7. Join Cleanup Drives – If you live near the ocean, stay updated with shoreline cleanup drives and join in as often as you can. Also, consider organizing your own drive with family and friends, to de-litter a local beach or seaside paths.
  8. Go Green – Every step toward reducing your carbon footprint helps with Blue Recycling too. For instance, crude oil spills can be minimized if more people use energy-efficient lighting and rely on renewable energy sources!

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Author Bio

erichErich Lawson is passionate about saving environment by effective recycling. He has written a wide array of articles on how modern recycling equipments can be used by industries to reduce monthly garbage bills and increase recycling revenue. You can learn more about environment savings techniques by visiting Northern California Compactors, Inc blog.

 

 

Alex Lewis-Dorer

Alex Lewis-Dorer is a 27 year old activist. Having watched The Cove during its initial release and learning about the capture practices and the dangers of captivity, she felt compelled to stand up and voice her concerns to others. Since then she has dedicated her time and energy to working towards educating others about ocean conversation. In 2012 Alex joined forces with Wendy Brunot to have a lone killer whale named Shouka, moved to an alternate marine park to be with other orcas. Following the news of a planned Beluga Whale import, Alex hosted a protest in Atlanta In July 2012 together with Free the Atlanta 11 and GARP which attracted significant attention to the issues behind such an initiative. Alex has also played a large part in being a strong voice against Marineland, Canada, holding a demo at the facility in May 2014 in honor of Kiska, Canada’s last captive whale. She has dedicated much of her time to bringing attention to Marineland’s suffering animals. She also voices her concerns over many other captive marine faculties and lends her hand on campaigns regarding this issue. Alex’s love is not limited to cetaceans – she sees the beauty in all marine life. She is excited to be part of the movement that will end captivity for all marine mammals. Alex is also a proud team member for Ric O’Barry’s Dolphin Project.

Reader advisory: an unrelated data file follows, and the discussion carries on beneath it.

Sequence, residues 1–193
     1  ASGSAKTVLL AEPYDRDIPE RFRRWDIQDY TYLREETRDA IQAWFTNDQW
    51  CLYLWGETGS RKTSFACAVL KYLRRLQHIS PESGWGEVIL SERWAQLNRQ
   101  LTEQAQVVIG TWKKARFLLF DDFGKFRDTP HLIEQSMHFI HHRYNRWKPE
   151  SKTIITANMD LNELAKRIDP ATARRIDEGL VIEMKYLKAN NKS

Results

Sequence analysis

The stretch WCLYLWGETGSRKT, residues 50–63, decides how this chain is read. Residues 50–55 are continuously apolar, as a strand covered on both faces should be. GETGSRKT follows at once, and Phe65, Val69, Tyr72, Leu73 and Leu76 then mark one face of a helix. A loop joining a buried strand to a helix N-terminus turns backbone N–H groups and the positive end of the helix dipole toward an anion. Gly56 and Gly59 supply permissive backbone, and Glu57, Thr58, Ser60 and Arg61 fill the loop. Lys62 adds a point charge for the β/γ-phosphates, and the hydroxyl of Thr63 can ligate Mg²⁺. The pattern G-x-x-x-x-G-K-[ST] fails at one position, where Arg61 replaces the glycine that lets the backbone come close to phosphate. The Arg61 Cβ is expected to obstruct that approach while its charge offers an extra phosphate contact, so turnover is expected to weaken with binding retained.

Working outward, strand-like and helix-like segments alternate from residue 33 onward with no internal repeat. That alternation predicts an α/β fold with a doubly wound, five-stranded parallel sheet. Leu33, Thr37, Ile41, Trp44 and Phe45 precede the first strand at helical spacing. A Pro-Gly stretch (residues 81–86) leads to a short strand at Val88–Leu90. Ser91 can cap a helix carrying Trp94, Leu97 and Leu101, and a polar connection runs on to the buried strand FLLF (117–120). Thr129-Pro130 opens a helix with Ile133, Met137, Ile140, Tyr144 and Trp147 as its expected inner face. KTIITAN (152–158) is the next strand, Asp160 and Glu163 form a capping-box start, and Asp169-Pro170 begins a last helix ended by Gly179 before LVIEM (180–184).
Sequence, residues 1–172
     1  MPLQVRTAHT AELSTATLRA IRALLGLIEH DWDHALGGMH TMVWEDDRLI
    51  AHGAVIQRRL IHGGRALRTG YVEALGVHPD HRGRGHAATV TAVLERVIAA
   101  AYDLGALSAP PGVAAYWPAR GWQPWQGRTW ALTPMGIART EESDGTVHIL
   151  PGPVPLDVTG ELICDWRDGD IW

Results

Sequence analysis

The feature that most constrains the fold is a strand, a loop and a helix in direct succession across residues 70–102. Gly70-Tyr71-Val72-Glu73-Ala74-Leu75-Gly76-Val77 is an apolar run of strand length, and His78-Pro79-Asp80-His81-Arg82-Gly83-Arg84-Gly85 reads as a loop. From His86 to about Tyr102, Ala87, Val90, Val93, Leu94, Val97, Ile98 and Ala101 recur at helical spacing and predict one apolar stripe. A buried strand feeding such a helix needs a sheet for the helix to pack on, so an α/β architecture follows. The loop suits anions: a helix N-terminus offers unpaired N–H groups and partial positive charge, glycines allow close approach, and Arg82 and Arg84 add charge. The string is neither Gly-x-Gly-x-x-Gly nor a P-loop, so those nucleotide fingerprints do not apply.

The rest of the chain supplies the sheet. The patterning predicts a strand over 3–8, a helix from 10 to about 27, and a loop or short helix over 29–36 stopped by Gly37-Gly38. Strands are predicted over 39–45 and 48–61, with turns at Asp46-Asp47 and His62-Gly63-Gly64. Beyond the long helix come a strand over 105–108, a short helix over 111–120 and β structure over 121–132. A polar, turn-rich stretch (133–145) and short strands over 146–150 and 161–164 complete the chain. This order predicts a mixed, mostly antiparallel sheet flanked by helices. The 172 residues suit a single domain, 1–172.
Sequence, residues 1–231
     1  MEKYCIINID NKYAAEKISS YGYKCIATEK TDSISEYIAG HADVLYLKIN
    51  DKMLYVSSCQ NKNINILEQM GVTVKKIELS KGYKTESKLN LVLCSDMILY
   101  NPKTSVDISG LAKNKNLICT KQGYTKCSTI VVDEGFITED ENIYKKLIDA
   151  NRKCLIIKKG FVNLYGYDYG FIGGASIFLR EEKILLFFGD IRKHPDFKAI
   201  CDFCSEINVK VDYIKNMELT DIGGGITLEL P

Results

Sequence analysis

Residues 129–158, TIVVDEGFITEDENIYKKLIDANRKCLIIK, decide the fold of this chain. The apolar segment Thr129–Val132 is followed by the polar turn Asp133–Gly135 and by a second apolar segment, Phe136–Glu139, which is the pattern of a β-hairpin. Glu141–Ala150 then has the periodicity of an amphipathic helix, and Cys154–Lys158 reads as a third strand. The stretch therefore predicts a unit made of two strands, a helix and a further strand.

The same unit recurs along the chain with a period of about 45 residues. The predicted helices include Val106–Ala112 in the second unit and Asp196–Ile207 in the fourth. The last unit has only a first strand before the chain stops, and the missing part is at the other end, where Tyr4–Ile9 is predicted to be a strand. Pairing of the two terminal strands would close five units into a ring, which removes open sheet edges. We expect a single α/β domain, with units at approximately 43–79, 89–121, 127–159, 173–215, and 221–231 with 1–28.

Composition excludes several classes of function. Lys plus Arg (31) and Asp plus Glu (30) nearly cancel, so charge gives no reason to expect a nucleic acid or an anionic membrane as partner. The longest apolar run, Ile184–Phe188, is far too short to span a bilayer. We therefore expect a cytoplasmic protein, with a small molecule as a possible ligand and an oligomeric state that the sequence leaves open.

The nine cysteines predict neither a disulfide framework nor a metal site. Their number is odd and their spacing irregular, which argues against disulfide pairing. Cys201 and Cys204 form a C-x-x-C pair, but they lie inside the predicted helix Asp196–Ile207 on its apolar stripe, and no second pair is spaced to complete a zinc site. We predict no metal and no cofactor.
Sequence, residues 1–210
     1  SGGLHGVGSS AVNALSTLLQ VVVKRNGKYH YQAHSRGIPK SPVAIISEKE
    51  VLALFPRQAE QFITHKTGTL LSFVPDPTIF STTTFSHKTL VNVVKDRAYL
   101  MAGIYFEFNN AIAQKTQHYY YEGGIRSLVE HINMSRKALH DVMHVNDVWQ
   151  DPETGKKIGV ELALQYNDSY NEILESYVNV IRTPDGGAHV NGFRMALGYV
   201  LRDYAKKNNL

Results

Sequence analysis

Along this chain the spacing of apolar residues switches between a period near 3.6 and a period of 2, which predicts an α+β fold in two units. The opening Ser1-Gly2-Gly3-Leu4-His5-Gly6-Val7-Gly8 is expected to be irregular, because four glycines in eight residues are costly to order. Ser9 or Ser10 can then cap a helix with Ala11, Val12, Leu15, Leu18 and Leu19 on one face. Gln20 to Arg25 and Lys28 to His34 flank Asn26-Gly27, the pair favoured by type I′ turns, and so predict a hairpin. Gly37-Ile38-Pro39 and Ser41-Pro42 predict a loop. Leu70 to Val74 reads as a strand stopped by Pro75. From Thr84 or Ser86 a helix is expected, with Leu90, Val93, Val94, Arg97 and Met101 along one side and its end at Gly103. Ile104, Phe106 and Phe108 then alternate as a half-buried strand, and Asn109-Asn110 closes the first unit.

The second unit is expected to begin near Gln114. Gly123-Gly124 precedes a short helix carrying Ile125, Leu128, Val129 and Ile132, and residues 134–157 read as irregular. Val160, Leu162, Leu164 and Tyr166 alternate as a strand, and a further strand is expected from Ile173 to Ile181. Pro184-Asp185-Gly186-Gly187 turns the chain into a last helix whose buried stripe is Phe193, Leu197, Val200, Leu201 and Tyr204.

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8
Nov

Shark Finning: The Dark Side of Malaysian Paradise

Shark Finning: The Dark Side of Malaysian Paradise

by: Tommy Birn

the-coral-triangle

The Coral Triangle: Michael Rubenstein

Malaysia is well known for being one of the most biologically diverse countries on earth, ranking 12th in the world according to the National Biodiversity Index. It has more reef fish diversity than anywhere else on the planet, containing 37% of known coral reef fish species,

and managing marine protected areas that cover 248,613 hectares. Sipadan alone is home to hundreds of coral species and more than 3,000 species of fish.